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BREAKING NEWS

End of an era at Gartzke’s Greenhouse

By Staff | Jul 14, 2008

Duane and Bonnie Gartzke, above, left, recently sold their Blue Earth greenhouse business to Diana and Denny McTamaney.

For over 50 years the Gartzke family has owned the greenhouse in Blue Earth. As of June 27, that was no longer true.

Denny and Diana McTamaney of Eden Prairie purchased the local gardening and floral shop from Duane and Bonnie Gartzke on that date.

“My parents purchased it in 1957 from Bernie Hanson,” Duane Gartzke said. “My mother worked here part time and Bernie Hanson wanted to sell it. She convinced my father they should do it.”

His father was an auto mechanic and quit that job to take over the greenhouse.

Duane was a sophomore at Blue Earth High School at the time.

“I had just bought a tennis racket and was going to join the team at school,” he recalls. “But my mother convinced me to work here after school instead.”

He has been working there ever since. “I still got to play a lot of tennis, just not on the school team,” he said.

Then in 1973 Duane and his wife Bonnie bought the business from his parents.

Bonnie, a graduate of Frost High School, worked at the county auditor’s office for 15 years. In 1974 she went to work at the greenhouse instead.

Now, 51 years after Duane started working there, they are ready to turn over the reins to someone else. That someone else is the McTamaneys.

“We were both born and raised in Grand Rapids,” Denny McTamaney said. “That is Grand Rapids, Minnesota, not Michigan,” he chuckled.

Denny is a diesel mechanic by trade, a job he had during his four years in the Navy.

“I was a mechanic and service manager for a couple of car dealerships in the Twin Cities for three years,” McTamaney said. “But I was looking for a career change.”

Then he saw an ad for a gas and chemical manager at a company called Air, Inc. He has worked there for the past 12 years.

“They supply semi-conductors to the computer industry,” he explained. “The gasses and chemicals were used in the production process.”

How does a diesel mechanic wind up in a florist shop in Blue Earth? Another career move, of course.

Diana McTamaney was in the mortgage banking business, and her company was shut down by Capitol One.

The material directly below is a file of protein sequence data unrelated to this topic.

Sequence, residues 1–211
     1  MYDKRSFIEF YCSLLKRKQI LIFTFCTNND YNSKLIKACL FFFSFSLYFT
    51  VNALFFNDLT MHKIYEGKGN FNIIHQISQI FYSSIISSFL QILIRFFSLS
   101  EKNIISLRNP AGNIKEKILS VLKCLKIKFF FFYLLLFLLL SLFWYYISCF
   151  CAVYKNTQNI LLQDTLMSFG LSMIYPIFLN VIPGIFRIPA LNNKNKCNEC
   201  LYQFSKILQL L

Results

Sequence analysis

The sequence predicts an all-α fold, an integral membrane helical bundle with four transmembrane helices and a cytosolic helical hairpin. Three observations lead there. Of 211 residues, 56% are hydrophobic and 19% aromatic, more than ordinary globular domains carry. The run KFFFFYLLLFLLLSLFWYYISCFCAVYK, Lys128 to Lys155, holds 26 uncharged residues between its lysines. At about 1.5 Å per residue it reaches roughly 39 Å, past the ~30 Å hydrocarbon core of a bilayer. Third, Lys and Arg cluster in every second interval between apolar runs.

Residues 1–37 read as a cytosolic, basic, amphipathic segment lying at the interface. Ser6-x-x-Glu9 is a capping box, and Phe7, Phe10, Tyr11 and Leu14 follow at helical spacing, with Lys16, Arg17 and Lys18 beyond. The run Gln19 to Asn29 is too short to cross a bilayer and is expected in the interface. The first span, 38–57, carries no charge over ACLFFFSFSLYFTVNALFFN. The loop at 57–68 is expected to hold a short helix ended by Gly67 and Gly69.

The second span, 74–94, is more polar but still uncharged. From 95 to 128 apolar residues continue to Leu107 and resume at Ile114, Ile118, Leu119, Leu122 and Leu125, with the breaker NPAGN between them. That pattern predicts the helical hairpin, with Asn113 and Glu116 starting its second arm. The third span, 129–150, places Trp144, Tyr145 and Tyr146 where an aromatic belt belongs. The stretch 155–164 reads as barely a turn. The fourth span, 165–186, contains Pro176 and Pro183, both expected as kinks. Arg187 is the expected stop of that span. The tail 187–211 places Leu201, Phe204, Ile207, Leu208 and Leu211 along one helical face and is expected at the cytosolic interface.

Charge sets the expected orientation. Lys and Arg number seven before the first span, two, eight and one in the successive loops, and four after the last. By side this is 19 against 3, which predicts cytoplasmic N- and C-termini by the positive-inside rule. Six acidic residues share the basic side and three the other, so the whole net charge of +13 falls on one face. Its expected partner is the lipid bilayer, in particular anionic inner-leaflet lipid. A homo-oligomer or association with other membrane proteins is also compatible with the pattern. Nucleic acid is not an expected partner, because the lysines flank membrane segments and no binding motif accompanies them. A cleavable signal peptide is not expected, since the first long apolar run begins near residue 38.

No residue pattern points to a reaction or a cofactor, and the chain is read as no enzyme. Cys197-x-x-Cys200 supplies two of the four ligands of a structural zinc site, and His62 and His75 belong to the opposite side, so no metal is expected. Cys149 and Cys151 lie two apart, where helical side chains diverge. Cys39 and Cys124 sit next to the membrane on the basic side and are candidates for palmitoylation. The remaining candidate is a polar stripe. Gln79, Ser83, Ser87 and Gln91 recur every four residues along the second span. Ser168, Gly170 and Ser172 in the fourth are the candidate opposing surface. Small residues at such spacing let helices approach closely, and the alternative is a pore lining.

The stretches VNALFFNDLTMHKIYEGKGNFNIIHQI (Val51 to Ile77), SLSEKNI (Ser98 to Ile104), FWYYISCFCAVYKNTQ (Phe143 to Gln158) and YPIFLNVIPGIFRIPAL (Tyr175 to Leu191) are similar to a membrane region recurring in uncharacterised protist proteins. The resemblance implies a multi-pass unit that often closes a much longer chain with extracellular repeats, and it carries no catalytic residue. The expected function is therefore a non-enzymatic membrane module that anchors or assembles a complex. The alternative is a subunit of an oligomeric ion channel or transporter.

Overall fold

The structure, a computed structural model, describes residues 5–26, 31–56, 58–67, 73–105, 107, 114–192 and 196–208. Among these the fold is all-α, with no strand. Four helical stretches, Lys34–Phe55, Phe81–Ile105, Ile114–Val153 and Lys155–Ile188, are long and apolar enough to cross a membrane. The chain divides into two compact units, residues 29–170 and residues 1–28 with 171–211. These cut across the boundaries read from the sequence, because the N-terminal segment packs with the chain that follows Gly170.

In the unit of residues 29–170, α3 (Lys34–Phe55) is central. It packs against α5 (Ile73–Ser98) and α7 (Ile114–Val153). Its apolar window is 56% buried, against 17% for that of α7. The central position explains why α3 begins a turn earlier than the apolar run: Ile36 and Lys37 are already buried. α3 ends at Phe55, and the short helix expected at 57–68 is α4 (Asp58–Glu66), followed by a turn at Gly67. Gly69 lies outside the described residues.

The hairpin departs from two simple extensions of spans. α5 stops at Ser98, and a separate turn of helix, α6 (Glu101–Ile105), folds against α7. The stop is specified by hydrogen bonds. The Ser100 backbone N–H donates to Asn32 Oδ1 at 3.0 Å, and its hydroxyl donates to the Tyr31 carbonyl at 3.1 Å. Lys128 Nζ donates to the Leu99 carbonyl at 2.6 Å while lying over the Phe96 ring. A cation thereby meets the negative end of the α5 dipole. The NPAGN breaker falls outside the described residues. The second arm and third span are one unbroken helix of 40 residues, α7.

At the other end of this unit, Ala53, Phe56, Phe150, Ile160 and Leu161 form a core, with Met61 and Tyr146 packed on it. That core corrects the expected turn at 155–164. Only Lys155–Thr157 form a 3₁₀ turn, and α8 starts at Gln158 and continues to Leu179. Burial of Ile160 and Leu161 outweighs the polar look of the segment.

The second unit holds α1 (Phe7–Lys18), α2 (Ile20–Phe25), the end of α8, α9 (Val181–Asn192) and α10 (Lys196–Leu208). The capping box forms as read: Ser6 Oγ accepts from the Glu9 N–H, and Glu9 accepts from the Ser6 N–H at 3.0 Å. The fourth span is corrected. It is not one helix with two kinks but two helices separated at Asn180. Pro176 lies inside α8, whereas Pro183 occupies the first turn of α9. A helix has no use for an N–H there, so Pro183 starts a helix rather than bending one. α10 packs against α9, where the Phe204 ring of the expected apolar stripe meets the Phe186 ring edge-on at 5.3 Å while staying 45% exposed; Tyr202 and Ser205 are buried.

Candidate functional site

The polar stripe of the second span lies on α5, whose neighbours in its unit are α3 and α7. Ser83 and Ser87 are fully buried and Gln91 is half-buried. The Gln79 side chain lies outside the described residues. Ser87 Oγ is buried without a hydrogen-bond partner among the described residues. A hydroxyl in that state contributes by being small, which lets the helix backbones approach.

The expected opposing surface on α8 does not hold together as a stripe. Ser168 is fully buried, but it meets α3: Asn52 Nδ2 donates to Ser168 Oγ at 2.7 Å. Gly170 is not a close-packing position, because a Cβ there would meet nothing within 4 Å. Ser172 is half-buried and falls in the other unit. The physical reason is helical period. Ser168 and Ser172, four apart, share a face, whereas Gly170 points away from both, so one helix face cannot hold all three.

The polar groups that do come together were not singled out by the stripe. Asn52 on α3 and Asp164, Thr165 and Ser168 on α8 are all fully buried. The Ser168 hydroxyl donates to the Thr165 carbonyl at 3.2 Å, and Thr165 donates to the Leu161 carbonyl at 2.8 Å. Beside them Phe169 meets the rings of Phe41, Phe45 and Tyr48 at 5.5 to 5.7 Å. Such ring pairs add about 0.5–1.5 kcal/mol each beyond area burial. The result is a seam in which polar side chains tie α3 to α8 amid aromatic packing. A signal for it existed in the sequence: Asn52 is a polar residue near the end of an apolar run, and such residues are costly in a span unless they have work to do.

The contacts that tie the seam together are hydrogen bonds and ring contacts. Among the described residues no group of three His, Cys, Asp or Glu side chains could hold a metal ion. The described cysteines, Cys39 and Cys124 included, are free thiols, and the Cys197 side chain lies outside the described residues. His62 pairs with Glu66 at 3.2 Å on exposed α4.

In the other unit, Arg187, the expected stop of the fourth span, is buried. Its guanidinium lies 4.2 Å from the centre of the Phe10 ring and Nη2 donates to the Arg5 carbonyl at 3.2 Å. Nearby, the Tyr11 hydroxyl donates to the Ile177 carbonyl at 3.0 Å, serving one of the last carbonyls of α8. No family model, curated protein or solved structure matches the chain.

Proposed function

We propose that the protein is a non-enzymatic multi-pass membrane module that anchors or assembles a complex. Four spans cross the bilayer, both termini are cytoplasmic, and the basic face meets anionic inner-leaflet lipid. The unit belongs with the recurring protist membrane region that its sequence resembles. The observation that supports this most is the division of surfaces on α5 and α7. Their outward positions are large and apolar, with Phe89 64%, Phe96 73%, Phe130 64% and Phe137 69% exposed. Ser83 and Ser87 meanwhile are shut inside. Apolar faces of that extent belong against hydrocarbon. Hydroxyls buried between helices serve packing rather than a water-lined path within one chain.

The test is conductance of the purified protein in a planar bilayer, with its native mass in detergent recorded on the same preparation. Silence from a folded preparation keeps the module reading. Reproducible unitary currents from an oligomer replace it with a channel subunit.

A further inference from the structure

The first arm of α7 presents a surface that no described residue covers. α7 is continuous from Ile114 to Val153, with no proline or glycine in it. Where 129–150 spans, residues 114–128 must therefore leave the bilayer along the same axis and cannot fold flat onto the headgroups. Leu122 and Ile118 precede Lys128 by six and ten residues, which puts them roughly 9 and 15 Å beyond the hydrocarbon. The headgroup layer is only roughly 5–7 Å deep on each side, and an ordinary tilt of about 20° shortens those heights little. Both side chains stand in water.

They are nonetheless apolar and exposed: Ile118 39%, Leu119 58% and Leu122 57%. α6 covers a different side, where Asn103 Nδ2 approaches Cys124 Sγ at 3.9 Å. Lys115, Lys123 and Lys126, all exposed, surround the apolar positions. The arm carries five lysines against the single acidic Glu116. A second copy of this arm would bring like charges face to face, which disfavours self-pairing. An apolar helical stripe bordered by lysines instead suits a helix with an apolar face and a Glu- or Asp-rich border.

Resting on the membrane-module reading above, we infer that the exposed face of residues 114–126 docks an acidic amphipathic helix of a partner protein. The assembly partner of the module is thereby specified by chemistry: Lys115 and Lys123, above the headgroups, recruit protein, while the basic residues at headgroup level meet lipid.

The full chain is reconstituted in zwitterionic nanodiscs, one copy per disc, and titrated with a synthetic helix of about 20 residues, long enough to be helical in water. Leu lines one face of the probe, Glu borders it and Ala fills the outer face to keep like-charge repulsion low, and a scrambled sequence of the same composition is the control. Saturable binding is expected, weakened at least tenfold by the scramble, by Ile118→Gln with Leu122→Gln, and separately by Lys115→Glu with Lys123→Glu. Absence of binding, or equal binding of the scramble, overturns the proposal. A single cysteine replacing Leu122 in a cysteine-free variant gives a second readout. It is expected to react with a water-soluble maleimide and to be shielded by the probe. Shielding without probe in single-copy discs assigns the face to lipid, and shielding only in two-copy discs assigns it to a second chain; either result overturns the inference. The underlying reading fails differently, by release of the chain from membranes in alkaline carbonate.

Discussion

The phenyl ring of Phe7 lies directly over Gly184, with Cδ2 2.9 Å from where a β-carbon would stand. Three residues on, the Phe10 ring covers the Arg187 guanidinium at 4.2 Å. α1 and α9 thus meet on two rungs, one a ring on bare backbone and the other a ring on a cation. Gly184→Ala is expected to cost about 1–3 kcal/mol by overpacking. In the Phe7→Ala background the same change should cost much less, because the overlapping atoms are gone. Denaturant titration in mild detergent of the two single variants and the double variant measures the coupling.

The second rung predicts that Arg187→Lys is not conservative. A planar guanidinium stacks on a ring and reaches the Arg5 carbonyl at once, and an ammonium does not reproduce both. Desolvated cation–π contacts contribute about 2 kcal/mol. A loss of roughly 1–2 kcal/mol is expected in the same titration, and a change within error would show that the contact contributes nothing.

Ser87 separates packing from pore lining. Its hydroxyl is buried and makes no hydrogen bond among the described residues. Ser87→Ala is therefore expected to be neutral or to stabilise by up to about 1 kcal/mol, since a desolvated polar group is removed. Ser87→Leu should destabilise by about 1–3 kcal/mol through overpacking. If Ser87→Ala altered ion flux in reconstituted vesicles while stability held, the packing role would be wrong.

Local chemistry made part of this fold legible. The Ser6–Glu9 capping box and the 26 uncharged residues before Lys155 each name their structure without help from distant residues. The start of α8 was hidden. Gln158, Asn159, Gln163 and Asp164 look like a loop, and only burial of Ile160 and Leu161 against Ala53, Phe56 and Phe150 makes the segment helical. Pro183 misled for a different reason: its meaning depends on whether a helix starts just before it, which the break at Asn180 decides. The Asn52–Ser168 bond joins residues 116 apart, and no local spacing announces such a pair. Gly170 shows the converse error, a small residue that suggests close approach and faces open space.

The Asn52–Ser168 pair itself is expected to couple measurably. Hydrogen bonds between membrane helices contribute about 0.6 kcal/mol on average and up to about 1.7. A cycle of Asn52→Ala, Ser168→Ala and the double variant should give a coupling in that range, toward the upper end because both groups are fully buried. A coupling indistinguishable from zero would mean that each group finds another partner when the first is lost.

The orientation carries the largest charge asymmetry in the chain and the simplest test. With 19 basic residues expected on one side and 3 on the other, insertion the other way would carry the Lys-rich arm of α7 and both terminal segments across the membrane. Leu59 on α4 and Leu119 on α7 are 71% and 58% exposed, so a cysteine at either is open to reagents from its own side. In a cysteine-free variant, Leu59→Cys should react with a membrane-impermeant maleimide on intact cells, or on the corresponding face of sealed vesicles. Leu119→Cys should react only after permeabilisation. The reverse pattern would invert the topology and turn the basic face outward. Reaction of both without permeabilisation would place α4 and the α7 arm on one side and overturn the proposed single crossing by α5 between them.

“I always loved gardening,” she said. “So I convinced Denny we should buy a greenhouse somewhere.”

They spent a year looking, before deciding to move to Blue Earth.

Diana McTamaney has done floral design as a hobby. She also grows African violets for fun.

“I belong to an African violet club,” she said, “As well as a lily and a iris society.”

The McTamaneys have also made their own self-watering pots for flowers. They will continue to do so, and sell them at Gartzke’s. The pots are made of clay and have an inner container for the flower and an outer one for water.

That might be one of the only changes at the local business.

“We plan on keeping the name the same, and we will continue to employ all the people who work here now,” the McTamaneys said. That includes several workers who have been there for many years. At least one worked for Duane’s parents, over 35 years ago.

As far as retirement plans for Duane and Bonnie, there are not many. They will continue to work at the greenhouse part time for a while, perhaps as long as a year, while they show the McTamaneys how things are done.

Duane will probably golf and fish. Bonnie will read and play the piano.

“We have three grown children and six grandchildren, so we can spend some time with them,” Bonnie said.

“We may travel some,” Duane added. “I have always wanted to see Duluth, Bonnie has always wanted to go to Italy.”

“I might also finally have time to clean the basement,” he said with a smile.